Elisabeth, as you phrased it make men comfortable with their own changing bodies. It took my husband quite some time to accept that he got breasts. Then he tried a bra and felt relieved. But he still did not wear a bra in public. It was a process until he accepted his breasts and got a positive attitude towards them. Now this has changed. I think now he is almost proud of his breasts and no longer cares that he shows some projection. He is so much more relaxed. I hope that more men with breasts will follow this path.

    • aboywithgirls says:

      Kerstin,

      I am a 40 year old married man who also wears a bra. I started developing breasts when I was 12 and my mother had me start wearing a bra when I was 13. She had me do this because I was having so much pain and the bra provided relief.

      I am now 40 and I typically wear a 38E / F in most of my bras. I have a rather severe case of gynecomastia. I wear the same size bra as my well endowed sister. For myself, it’s a combination of genetic disposition and medications, and a thyroidectomy that has caused my breasts to grow to their current size. As you can imagine, going braless is not much of an option for me. I am very comfortable with going bra shopping with or without my wife and I always try before I buy. I prefer smaller boutiques to department stores. I usually have better luck with finding the larger cup sizes there and I like the one on one aspect of shopping there and knowing that I am buying a quality bra that will last me longer than a cheaper bra.

      So let your husband know that there are other men who really do need to wear a bra. Half of the world wakes up every morning and puts on their bra for comfort and support to help get them through the day. We just happen to be amongst that half that happens to wear a bra and there is no shame in that.

      • Kerstin says:

        Aboywithgirls, what a well choosen name. Thank you for your encouraging comment. I can imagine how difficult it must have been for you as a teen. How did others react when they noticed your bra? And with 38 F now you are really well endowed. My hubby wears 38 C at the moment. And it took him quite a wile to accept his breasts and some more until he was ready to try a bra. Although it was a relief for him, he did not wear one out of home. A few months ago he was ready and now he wears a bra all the time. I accompanied him when he got his first bra fitting in a small shop. The saleslady (and owner) was very nice with him and that helped. And of course the more he read about gyno the more he was at ease. He knows that he is not alone and there are other men like him. Reading the blog of braberliner also helped.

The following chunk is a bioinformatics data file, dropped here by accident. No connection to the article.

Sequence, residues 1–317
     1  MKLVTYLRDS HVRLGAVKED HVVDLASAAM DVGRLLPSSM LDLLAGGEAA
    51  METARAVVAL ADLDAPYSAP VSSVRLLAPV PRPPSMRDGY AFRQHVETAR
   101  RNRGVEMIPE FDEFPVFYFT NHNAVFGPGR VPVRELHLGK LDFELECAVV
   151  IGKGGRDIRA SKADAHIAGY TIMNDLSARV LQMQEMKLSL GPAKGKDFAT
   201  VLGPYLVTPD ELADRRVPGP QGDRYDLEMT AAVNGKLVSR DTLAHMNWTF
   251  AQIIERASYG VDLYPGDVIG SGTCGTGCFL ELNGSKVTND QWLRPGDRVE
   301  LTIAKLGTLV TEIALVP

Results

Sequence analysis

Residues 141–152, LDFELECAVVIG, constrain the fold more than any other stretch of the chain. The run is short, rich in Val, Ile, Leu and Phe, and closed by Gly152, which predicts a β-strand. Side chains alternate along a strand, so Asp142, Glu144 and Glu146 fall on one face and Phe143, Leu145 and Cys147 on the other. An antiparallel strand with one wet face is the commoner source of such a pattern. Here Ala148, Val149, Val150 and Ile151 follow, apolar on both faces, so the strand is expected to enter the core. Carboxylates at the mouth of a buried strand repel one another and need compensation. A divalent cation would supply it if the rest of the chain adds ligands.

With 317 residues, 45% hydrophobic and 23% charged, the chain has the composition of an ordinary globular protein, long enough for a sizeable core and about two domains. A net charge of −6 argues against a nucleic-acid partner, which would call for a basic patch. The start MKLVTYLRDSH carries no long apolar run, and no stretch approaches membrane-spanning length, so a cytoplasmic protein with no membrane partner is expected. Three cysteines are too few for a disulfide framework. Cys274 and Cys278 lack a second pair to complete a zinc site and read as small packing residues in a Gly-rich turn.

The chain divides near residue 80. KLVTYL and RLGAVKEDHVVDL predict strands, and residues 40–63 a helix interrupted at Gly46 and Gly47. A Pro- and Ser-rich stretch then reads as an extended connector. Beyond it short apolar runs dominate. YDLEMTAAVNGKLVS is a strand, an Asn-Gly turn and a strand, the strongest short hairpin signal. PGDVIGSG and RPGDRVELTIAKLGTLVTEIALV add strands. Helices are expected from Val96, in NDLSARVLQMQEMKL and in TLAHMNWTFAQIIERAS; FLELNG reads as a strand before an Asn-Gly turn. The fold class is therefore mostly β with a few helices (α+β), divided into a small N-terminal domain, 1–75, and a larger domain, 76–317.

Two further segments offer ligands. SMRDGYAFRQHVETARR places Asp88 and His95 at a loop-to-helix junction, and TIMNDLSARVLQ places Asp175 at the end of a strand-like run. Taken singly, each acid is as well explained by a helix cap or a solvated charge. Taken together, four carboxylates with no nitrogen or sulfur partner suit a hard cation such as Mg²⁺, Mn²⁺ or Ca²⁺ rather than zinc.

And you are so right. There is no shame in wearing a bra as a man. You need one and the bra does the same for you as for us women. It supports your breast.

        • aboywithgirls says:

          Kerstin, thanks for your reply. Being a teenage boy going through a teenage girl’s puberty was kinda rough. Instead of growing muscles and body hair, I was growing hips and breasts. My mom did the best she could starting me out with my sisters hand me downs. My first bra was a 34B. I have been wearing a bra every day for most of my life. Because of the size of my breasts, I kinda have to wear a bra. I care for my breasts the same as most women do. The only time I go bra less is when I’m in the shower and even at that, if I just got done with a work out, I’ll wear it in the shower to wash it. The way I see it, women do the same thing every day (wear a bra for comfort and support). It’s not a big deal. And when women say they feel naked without a bra, trust me I know what they mean.

    • broadcast says:

      am submissive gay male that is masculine and has developing breasts am closited lookin to be feminized and yet masculine for outside world.. what do u think/

  3. JohnDoe says:

    I’m a 55 year old married male with 38C breasts. I wear a bra only when working out. It is painful if I dont . It took me awhile to accept the fact that I needed support when running, jogging, or riding a bike. The stigma of wearing a garment meant for a female will take quite awhile for our society to accept.

  4. BraBerliner says:

    Thanks, Elisabeth, for this dedicated article and for link to my blog too. I’ve a sophisticated view of this problem. Intimate industry is producing large series of bras for women in a wide range of bands and cups. The market is big, but there is a hard competition. Male sector is clearly a niche market and in the public view it’s not naturally that a man wears bra. Maybe there is an additional hurdle for men to went into an lingerie boutique to buy a bra for himself. But the hurdle is the same, if there are special bras for men able to buy. First step is to recognize the fact, that a bra can give support for male breast in the manner as for women. Bras are in different styles, shapes and sizes are available. There is no problem to find a matching one. At the other hand the retailers and manufacturer too should take men who wear bra seriously. But this is firstly a social issue. So I firstly essay to encourage my blog-reader to make a decission against a surgery. If I wear a bra, I make it to give my breasts support and abate health effects like neck, dorsal or shoulder pain. I this decision is made then look for a professional fitting and give your soul the satisfaction she needs. This is crucial for our mental balance, like for women too. If each second men with a gynecomastia would wear a bra, industry an retailers automatically would suit us as customers and lust for our feedback. Meanwhile I will try and buy bras that fitting me from the women’s department.